Learn to Play Bagpipes

Is it hard to learn the bagpipes?

Is it Hard to Learn the Bagpipes T-Shirt

Bagpiping, like any other skill, requires skill development. If you are disciplined and practice regularly, guess what? You’ll get better! This, in a sense, is the easy part. When I started to learn, staying motivated to practice was easy, because I was passionate to play the bagpipes and join a band. I also was in high school, so I had more time and energy than an older student. Teenagers also have fantastic mental capacity (they can learn very quickly). That coupled with passion and you’ll be learning in no time. If you are older, especially if this is your very first musical instrument, then it will require more discipline. That being said, adults sometimes are way more organized than kids, so they’re capable of having that discipline to remain learning.

So what makes it hard? Well, if you have a tendency to give up on things very easily then you will have to address this. If you are busy, you will need to fit practice time into your busy schedule. In short be true to yourself, are you willing to commit the time so that you can make it into a band to one day play on Fifth Ave. on St. Patrick’s Day? While it is great to be motivated by the end goal (whatever it may be), we need to remember that there is always a cost. However, if you enjoy practicing regularly, not only will you get better, but the process will make you a better person.

What really makes it hard? Unlike other instruments, the bagpipes require a lot of coordination. Part of your brain will be focused on moving your fingers (playing cleanly and providing-hopefully-some nice expression to the tune) while coordinating your blowing and arm squeezing to create a consistent pressure that provides good tone, steady pitch, and continuous sound. Unlike other instruments, the sound is supposed to be non-stop, so if you forgot a part there’s no hitting the brakes. There are 4 voices produced by a bagpipe (the chanter and 3 drones). To produce sound from the chanter alone is usually a great challenge, let alone an additional 3 drones, to the beginner. This is because it requires great pressure to cross the threshold to make a sound. After a beginner produces that first squeak, they will have to learn how to produce a constant output of pressure. This takes more time to develop, especially since they need to develop their stamina. The best players are able to provide an output of pressure that is very steady, thus producing the steady and hypnotizing drone sound.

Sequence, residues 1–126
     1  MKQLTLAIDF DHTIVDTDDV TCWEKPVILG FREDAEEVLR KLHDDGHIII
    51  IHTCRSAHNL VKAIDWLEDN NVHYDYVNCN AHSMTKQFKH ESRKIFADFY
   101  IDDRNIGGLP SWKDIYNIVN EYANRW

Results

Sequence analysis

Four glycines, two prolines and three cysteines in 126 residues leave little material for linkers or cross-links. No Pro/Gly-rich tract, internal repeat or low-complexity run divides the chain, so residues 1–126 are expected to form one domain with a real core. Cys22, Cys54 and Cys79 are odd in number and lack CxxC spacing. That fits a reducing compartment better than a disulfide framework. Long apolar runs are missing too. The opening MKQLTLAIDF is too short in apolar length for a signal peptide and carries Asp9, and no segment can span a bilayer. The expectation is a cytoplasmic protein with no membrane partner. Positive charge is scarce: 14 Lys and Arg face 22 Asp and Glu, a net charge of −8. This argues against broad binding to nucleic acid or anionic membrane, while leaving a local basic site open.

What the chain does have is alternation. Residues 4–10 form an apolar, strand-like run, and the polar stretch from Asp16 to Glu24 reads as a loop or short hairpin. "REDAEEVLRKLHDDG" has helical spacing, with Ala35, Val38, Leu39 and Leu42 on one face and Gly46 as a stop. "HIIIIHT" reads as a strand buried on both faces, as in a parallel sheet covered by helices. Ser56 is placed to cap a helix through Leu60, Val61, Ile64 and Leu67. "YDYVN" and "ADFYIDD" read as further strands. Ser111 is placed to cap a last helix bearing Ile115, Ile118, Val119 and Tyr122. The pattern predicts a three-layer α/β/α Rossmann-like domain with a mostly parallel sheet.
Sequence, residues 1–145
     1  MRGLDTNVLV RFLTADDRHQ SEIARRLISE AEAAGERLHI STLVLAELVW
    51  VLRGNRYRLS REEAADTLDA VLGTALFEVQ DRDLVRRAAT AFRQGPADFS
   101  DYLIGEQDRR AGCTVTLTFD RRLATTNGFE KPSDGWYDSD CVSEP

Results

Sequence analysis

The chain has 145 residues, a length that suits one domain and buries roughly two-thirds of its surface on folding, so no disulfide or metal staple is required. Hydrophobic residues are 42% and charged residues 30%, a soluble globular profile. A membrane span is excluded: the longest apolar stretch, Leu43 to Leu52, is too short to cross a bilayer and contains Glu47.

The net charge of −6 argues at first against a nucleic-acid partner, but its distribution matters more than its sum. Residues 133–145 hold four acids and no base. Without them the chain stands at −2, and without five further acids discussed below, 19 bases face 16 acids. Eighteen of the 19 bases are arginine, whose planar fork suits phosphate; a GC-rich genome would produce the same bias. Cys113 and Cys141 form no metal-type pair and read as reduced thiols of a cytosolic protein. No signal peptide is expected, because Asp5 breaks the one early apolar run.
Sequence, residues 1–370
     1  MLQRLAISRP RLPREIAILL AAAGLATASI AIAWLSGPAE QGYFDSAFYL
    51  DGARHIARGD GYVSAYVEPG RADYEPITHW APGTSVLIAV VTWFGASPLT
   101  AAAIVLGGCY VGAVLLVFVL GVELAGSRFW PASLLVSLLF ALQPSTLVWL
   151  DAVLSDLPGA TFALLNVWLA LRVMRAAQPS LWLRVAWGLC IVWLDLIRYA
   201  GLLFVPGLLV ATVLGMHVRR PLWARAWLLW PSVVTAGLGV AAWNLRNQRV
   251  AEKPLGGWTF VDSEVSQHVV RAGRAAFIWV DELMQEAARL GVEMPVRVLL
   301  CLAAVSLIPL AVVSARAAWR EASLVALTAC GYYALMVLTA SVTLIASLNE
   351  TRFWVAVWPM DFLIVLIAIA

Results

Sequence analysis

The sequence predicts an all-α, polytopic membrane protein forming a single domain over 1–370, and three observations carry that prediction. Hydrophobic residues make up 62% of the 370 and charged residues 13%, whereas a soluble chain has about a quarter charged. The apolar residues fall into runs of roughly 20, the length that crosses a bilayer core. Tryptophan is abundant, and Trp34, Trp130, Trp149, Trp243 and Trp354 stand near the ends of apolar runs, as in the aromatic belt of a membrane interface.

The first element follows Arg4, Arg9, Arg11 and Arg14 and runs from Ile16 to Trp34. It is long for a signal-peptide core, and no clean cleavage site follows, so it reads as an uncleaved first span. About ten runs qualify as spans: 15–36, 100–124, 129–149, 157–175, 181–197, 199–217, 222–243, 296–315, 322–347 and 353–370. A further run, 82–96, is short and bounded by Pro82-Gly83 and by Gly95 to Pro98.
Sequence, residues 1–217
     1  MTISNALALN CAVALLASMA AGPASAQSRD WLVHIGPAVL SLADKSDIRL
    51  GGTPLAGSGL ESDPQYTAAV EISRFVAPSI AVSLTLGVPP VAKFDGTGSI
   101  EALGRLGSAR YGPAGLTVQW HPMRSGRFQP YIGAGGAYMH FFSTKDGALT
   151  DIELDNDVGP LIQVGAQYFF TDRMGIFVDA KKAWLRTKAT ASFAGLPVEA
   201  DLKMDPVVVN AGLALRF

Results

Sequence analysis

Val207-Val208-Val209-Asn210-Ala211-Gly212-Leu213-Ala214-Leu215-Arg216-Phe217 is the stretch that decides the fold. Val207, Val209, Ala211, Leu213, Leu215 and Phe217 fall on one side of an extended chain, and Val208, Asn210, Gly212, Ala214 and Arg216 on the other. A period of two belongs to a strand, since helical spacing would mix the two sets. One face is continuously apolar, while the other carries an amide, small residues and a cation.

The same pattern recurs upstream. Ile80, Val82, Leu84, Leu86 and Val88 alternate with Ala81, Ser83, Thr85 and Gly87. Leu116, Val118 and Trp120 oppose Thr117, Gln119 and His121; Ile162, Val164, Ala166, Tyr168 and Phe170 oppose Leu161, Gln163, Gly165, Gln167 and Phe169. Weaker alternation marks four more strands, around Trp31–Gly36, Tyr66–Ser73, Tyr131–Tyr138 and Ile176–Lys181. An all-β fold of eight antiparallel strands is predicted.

At higher levels, other difficulties include developing a good ear for pitch. Although I used to always swear that I had a bad ear for pitch, with more practice I was able to get my drone tuning a lot better than when I started wishing to improve my drone tuning. Again, it just shows, that no matter how difficult something is, you can get better with practice.

Other “hard” things... Unlike a piano, it takes the coordination of all your fingers to produce a single note on the chanter. The piano, on the other hand, allows you play at least 10 notes with both hands. While I will not get into a debate about which instrument is more difficult, that is an aspect that makes the bagpipe different than other common instruments, like the guitar.

Another important (but often overlooked) aspect of bagpiping is the importance of maintaining and knowing how to maintain your bagpipes. Unfortunately many bagpipers are not taught this skill and it negatively effects their sound. Entire bands fail in this region. Therefore, it’s not like an acoustic guitar, where you can tune the 6 strings with a tuner and, for the most part, you are good to go. There are many factors in how to maintain a good bagpipe, and this is something that must be taught by a qualified instructor.

If you haven't already, read more on how to learn the bagpipes and why I am adamant about the importance of hiring a qualified instructor so that you can properly learn how to get better on the bagpipes.

This is also a good article on how to learn the bagpipes.

If you would like to hire me as an instructor or have questions, please email me!

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